With Underground, Kusturica began to display a comedy which could be defined as ‘circus comedy’. A type of comedy which teeters on the realms of reality, with an ability to embrace surreal farce. While Underground flirted around a very historical backdrop, Black Cat, White Cat, instead chooses to focus upon the extremely farcical. When Matko, the ‘idiot’ of the piece, is tricked out of a petrol train heist by gangster Dadan, he convinces him that even in his failure, he still owes him money. Matko plans to repay the debt he has been fooled into believing he owes, by marrying his son, Zare, to Dadan’s midget daughter, Afrodita.
There is a problem however, in that Zare is actually infatuated with Ida, a young waitress. In the ensuing chaos of the rather forced shotgun wedding, all manner of things go wrong. With unexpected deaths in the family, the wedding continues onwards and upwards becoming more and more absurd at every available turn. The film is ridiculous, it’s stupid, but most of all it is incredibly funny. Weirdly however, it has a sentimentality to it which seeps through the absurdity to give the film an added charm. Given that after the harsh reception Underground got in his native land, Kusturica semi-retired, eventually returning to direct Black Cat, White Cat. Thankfully he did, because his talent shines through in a comedy which may be one of the greatest foreign language comedies of all time.
Gold – Underground (Emir Kusturica, 1995)
Films such as Underground are few and far between. A film spanning over 3 time periods, whilst following its two main characters Marko and Blacky throughout, Underground is somehow both absurdly funny and emotionally challenging. The first section of the film begins in Belgrade during WWII. Our two protagonists Marko and Blacky, head home after a heavy night of drinking. Marko takes home a prostitute, while Blacky goes home to his pregnant wife. When the Nazi bombs start falling, both have differing reactions which are equally as funny.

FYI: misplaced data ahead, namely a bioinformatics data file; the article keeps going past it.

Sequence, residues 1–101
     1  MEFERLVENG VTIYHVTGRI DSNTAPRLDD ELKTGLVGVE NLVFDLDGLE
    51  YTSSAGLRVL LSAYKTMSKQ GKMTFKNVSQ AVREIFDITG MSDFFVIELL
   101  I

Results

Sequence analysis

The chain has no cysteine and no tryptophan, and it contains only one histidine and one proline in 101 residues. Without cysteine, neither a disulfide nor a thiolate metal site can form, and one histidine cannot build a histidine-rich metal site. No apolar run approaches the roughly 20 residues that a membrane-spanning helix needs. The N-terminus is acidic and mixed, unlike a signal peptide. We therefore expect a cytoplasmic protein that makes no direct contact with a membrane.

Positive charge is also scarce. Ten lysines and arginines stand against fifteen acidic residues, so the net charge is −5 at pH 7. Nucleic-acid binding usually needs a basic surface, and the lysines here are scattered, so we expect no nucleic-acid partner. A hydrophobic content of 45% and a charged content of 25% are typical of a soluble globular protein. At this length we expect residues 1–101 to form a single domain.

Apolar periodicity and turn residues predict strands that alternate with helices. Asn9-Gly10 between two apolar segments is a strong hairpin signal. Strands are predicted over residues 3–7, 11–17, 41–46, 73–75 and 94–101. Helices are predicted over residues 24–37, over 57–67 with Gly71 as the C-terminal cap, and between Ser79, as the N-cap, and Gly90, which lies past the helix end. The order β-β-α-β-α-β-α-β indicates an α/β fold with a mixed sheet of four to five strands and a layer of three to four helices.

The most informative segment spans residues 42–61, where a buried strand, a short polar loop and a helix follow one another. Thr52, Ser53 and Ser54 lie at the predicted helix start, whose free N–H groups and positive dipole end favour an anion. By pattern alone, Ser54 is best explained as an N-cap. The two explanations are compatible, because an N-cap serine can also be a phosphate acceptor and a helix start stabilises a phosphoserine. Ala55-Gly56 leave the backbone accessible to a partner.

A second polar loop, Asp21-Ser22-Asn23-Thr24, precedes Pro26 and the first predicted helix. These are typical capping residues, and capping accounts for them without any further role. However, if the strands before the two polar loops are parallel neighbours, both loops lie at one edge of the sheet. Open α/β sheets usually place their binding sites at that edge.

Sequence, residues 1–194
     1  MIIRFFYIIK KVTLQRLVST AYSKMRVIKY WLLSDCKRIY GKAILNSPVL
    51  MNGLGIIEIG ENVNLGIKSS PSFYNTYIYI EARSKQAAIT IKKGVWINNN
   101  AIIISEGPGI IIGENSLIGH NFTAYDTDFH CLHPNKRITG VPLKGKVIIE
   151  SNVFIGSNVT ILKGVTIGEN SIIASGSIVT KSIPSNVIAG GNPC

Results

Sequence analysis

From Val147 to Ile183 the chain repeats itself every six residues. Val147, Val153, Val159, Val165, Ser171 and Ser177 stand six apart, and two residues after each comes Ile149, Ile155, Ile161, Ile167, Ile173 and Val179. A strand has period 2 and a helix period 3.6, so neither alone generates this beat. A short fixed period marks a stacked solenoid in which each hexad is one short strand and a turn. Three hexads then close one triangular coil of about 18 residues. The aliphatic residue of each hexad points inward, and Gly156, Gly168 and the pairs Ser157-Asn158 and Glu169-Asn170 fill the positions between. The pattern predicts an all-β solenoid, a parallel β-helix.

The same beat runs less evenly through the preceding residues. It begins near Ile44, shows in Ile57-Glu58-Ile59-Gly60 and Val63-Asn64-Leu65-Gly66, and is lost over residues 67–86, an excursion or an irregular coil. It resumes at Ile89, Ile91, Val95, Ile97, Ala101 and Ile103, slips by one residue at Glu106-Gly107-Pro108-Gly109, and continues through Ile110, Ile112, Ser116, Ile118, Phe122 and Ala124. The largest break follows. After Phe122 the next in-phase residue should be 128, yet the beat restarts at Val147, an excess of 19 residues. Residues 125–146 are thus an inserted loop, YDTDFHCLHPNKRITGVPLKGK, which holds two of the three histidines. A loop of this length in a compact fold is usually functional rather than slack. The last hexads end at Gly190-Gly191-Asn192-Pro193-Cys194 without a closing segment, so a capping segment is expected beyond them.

As the friends become more and more embroiled in the war, their relationship as a consequence becomes quite surreal and fractured. Kusturica jumps the story forward by many years for the second section of the narrative. With Blacky injured in the war, he is unaware that the war has actually ended, with the fall of Nazism. Instead of informing him, Marko keeps Blacky underground, finding more and more absurd ways of lying to him about the status of the war above for his own personal gain. The allegory is strong from Kusturica. The relationship of Blacky and Marko, whom were once friends, slowly rots away from the inside, much like Yugoslavia’s own historical relationship problems. Once friends, their relationship suffers from the interference of others, leading to falsehoods, deceptions and ultimately death. As if it wasn’t obvious enough, Kusturica spells it out for us in the script, with a line near the films end: ‘There is no war until a brother kills a brother’. A political allegory of much importance, Underground is bizarre, yet extremely important at the same time.